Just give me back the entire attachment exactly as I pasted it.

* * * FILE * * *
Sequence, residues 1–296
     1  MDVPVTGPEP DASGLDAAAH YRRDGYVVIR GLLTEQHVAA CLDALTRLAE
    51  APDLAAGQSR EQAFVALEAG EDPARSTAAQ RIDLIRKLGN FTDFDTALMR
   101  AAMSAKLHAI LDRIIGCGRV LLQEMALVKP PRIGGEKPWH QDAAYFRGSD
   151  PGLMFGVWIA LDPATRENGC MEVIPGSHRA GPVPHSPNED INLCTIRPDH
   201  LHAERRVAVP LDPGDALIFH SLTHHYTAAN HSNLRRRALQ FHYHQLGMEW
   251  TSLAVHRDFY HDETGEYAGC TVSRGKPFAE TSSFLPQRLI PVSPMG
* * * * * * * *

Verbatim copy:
Sequence, residues 1–296
     1  MDVPVTGPEP DASGLDAAAH YRRDGYVVIR GLLTEQHVAA CLDALTRLAE
    51  APDLAAGQSR EQAFVALEAG EDPARSTAAQ RIDLIRKLGN FTDFDTALMR
   101  AAMSAKLHAI LDRIIGCGRV LLQEMALVKP PRIGGEKPWH QDAAYFRGSD
   151  PGLMFGVWIA LDPATRENGC MEVIPGSHRA GPVPHSPNED INLCTIRPDH
   201  LHAERRVAVP LDPGDALIFH SLTHHYTAAN HSNLRRRALQ FHYHQLGMEW
   251  TSLAVHRDFY HDETGEYAGC TVSRGKPFAE TSSFLPQRLI PVSPMG